ROSE ADLER (1890-1959)

Paris, 1890 - Paris, 1959

Rose Adler was born in a bourgeois family in Paris. Her engagement to Roger Leo Marx (son of a family of collectors and himself fascinated by the decorative arts) and the impromptu death of the latter surely oriented Adler’s artistic and political sympathies.  The motto of her spouse’s family : « Nothing, nothing without art. » invariably embodied the career of the bookbinder and decorator, trained at the École du Comité des Dames de l’Union Centrale des Arts Décoratifs (UCAD).

The success of the young Parisian was immediate and inalienable. At thirty, her bindings were already exposed and her name known among the professional groupings of artists, such as the Société des Artistes Décorateurs she became a member of in 1923.
Rose Adler formulated her artistic postulate in these terms : « The modern bookbinder is truly modern in that, that he his at the service of the text. He moulds it, exalts it. Nonetheless, he must refuse description, for description only being illustration. ».  Thoroughly seduced by this harmonious and innovative perspective, the couturier Jacques Doucet, designer Pierre Legrain, architect Pierre Chareau, poets Pierre André Benoit and René Char, soon became her dearest friends and supporters. With them, she extolled the elegance and modernity of her bindings, coupling inlays of semiprecious stones, fondue leather linings with couvrure skins and « edge to edge » liners. Her pluralistic innovations very obviously fueled the art deco movement before overstepping it in favor of the modernists whose codes matched further to her aesthetics.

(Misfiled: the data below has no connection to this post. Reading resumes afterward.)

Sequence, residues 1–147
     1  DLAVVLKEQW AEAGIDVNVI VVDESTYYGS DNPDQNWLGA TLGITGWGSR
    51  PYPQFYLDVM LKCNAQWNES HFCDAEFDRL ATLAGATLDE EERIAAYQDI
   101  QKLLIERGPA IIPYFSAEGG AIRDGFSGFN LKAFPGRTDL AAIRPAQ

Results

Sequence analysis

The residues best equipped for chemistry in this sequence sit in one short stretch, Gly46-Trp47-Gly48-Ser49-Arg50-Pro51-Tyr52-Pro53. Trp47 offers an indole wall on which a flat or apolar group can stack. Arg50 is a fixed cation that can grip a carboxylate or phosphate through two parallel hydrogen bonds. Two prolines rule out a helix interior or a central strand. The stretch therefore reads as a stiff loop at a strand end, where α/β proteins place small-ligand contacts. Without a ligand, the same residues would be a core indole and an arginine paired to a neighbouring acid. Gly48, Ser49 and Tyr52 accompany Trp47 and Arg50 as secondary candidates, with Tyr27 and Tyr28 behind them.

In 1959, as she prepared herself to expose at the Société de la Reliure Originale (Bibliothèque Nationale), the ally and inseparable accomplice of the constantly renewed creation of the twenthieth century, died.